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Security Response

Nico Nico Users Redirected to Fake Flash Player

Some of the video site's users were sent to a Web page that delivers other software.
Created: 19 Jun 2014 10:53:19 GMT • Updated: 20 Jun 2014 12:55:18 GMT • Translations available: 日本語
Shunichi Imano's picture
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Nico Nico, meaning “smile” in Japanese, is one of the biggest video sharing sites in Japan, with more than 30 million free members and over 2 million paid subscribers.

Rumors surfaced earlier today, claiming that some users who were watching videos on Nico Nico saw a strange pop-up message, asking them to update Flash Player to the latest version.

Figure 1. The suspicious pop-up message, which says “This page cannot be displayed! Update to the latest version of Flash Player!”

The domain that the pop-up message appears from, downloads.[REMOVED].biz, does not look like it belongs to Adobe or Nico Nico.

If the user clicks “OK” on the pop-up message, they will be redirected a fake Flash Player download site, which mimics the appearance of the legitimate Adobe website.

Figure 2. Fake Adobe Flash Player page observed in this campaign

The latest legitimate update for Adobe Flash Player is version, but the fake download page claims to offer 11.9.900.152. 

Figure 3. Legitimate Adobe Flash Player download page

If the user downloads and installs the fake update, the software gathers information, such as the user’s Web browser, the computer’s globally unique identifier (GUID), the hard drive’s serial number, and the MAC address. It then sends these details to a remote location. The software also drops an additional file which downloads a configuration file. This configuration file is encoded and changes at every download.

While some have suggested that users have been redirected to the attacker’s page through ads displayed on Nico Nico, we have not yet confirmed the exact redirection method. We also have not seen any evidence to suggest that Nico Nico has been compromised.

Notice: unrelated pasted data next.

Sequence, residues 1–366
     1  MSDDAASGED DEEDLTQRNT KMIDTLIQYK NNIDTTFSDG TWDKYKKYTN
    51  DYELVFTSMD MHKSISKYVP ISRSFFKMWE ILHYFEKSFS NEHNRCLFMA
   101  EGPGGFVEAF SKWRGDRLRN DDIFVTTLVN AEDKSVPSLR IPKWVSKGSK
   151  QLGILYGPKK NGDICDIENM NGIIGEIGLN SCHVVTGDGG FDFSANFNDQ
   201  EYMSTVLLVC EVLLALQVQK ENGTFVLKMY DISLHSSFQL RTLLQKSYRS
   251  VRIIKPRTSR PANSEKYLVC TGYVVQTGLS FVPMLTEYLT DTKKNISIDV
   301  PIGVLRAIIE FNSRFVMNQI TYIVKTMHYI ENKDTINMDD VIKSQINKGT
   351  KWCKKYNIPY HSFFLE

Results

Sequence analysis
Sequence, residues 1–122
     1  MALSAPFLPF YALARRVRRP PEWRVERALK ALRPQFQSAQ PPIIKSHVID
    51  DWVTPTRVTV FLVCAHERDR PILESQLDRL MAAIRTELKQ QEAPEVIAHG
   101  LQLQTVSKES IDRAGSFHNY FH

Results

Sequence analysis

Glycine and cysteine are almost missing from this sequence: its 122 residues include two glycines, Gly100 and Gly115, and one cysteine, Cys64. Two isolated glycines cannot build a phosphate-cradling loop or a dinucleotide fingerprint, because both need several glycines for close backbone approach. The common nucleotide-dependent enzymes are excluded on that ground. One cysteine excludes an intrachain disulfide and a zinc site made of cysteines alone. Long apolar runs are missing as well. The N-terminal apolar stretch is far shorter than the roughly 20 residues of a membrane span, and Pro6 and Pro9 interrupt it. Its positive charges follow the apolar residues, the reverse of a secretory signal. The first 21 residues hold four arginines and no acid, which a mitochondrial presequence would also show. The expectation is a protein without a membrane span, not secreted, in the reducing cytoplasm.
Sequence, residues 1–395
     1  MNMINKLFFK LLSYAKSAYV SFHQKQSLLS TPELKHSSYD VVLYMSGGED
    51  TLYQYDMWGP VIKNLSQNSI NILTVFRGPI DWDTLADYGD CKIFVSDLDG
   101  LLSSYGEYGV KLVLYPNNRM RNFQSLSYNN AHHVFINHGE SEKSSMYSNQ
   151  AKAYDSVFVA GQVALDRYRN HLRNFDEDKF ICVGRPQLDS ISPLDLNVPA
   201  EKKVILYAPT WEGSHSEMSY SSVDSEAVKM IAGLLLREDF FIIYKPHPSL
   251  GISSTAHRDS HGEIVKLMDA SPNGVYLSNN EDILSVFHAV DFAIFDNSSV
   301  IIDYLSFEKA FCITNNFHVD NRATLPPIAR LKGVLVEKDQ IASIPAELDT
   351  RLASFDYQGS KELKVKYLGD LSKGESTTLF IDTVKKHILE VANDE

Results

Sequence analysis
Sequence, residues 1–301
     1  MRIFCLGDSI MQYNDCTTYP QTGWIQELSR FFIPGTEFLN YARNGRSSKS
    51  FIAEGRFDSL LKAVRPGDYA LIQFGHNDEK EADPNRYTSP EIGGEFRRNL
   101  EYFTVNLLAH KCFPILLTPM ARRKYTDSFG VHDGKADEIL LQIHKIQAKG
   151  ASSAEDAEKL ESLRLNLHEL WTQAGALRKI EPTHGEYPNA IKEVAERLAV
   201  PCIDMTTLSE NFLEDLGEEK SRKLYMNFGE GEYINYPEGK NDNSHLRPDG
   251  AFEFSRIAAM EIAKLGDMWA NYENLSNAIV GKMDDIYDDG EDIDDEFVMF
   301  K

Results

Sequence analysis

At any rate, Symantec customers will not see the fake download site if they have enabled their Intrusion Prevention System (IPS), as the product blocks access to the site through the following signature:

Symantec also protects users against the fake Flash Player installer file under the following detection:

If users need to install the latest version of Adobe Flash Player, they should do so from the legitimate Adobe website or through the program’s auto-update feature.

Symantec is continuing to investigate this threat and will update this blog with more information in due course.

Update – June 20, 2014
Nico Nico posted an announcement today, confirming that the redirect was caused by script inserted into ads that were distributed through MicroAd. MicroAd said in a statement that its investigation is under way.

In our analysis of the downloaded installer, we observed that the installer’s configuration file is compressed and is in the JSON format.

Figure 4. Compressed configuration file downloaded by the installer component

The uncompressed configuration file’s behavior resembles that of SecurityRisk.Downldr’s.

Figure 5. Uncompressed configuration file.

This file includes a lot of references to remote software installers, which will be downloaded to the affected computer in a sequence.

A lot of the terms seen in the configuration file are IDs for the scammer’s affiliates, such as MinitizationTypes, Payout, Promotion Rate, CTID, and affilid. When the relevant downloaded software is executed, the scammer claims affiliate rewards based on the number of successful installs of the software.

Some of the software that the fake Flash Player page delivers includes:

  • FLV Player
  • System Speedup
  • Search Protect
  • VuuPC
  • RegClean Pro
  • Hao123
  • Buzz-it
  • ConstaSurf
  • VLC
  • Plus HD2

We believe that the developers of this software are not behind this scam. The only responsible party is the affiliates and their associates.

Before the downloaded software is executed, a window is displayed, asking users to accept the software installation. In one example, despite the fact that “FLV Player” is displayed in big letters on the top of the message, a closer look reveals that this offer is really for the ConstaSurf software. This could allow the scammer to trick users into installing certain software.

Users can opt out of the software installation by simply clicking “decline”.

Figure 6. Offer screen for ConstaSurf

The fake Flash Player download website was likely created by the affiliate or their associates. It’s unclear if the affiliate compromised MicroAd to redirect users to this fraudulent site, but it would not be a huge surprised if they took part in the incident.

The Symantec IPS signature that blocked access to the fake Flash Player download website also stops download activities that are triggered by unwanted means.

The installer file has been remapped to SecurityRisk.Downldr from Trojan Horse.